We're all most likely familiar with the incredible Marvel film Black Panther.
One of the biggest phenomenon's of 2018, and the highest grossing superhero movie of ALL TIME, the hiring of a nearly all-black cast was a pivotal moment in cinema.
The setting of Wakanda remains one of the most iconic aspects of the film, which mainstream fashion has gripped onto.
The film's acclaimed costume designer Ruth E. Carter wanted to change the public's generalised perception of the African continent;
“I want people to have a new vision of the continent of Africa,” she told Refinery29.
“I want people to understand it's not just this dark place where everyone dresses the same with bones in their nose, living in a grass hut. People need to see this is a modern continent. It has a voice and an aesthetic.”
Unfortunately, clothing brand Forever21 have released clothing inspired by the film, but have gotten into some hot water when it comes to the models chosen…
this sweater just called 311 because Shuri's making too much noise in her lab pic.twitter.com/Npd7nxwhJP
— Desus Nice (@desusnice) December 18, 2018
Fans of the film are NOT happy to see possibly the palest man in existence modelling merchandise for the infamously diverse movie, but some fans are claiming that the backlash is unfounded.
Forever21 tweeted; "Wakanda Forever, get the sweater here" last night, alongside a photo of a mens' top, named a 'Wakanda Forever Fair Isle Sweater.'
Twitter did it's job, to say the least. The clothing company quickly deleted the tweet, but the image is still on their website.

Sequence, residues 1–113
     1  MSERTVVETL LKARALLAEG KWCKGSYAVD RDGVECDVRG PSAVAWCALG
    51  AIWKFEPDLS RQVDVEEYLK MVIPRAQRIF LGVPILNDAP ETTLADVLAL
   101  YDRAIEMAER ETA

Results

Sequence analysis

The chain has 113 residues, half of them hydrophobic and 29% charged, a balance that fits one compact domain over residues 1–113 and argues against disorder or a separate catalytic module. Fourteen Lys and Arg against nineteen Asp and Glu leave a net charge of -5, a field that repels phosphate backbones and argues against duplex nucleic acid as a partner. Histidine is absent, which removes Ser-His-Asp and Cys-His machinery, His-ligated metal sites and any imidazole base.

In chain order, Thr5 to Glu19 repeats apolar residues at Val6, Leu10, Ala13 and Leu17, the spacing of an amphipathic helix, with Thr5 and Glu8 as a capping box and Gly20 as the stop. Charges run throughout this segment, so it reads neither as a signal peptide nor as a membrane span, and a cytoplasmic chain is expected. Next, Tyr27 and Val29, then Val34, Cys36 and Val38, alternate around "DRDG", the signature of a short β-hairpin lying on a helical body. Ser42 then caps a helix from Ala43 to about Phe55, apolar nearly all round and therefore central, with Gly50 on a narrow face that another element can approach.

If you click on the link, it redirects you to another model, this time a diverse one, wearing a yellow and black sweater.
So @Forever21 removed the “Wakanda Forever” tweet, meanwhile on https://t.co/ECJpDYMBv8 they got white people in the official Black Panther merch, and a black guy in the bootleg. I mean….YIKES. pic.twitter.com/hGd2WYca9u
— lissey (@lisa2bags) December 18, 2018
There's nothing wrong with a person of any race enjoying a movie's merchandise of course.
However, many users online were troubled at the perceived whitewashing, considering the film is arguably the first superhero of it's kind to appeal to all races, ages and genders.
Whitewashing has been appearing in fashion more and more recently, with Zara and H+M getting into trouble for missteps in their high street fashion.
Prada found itself getting backlash last week for a shop window display featuring a charm eerily reminiscent of a Blackface character.
We think Forever21 need to be a tad more careful with it's marketing campaigns…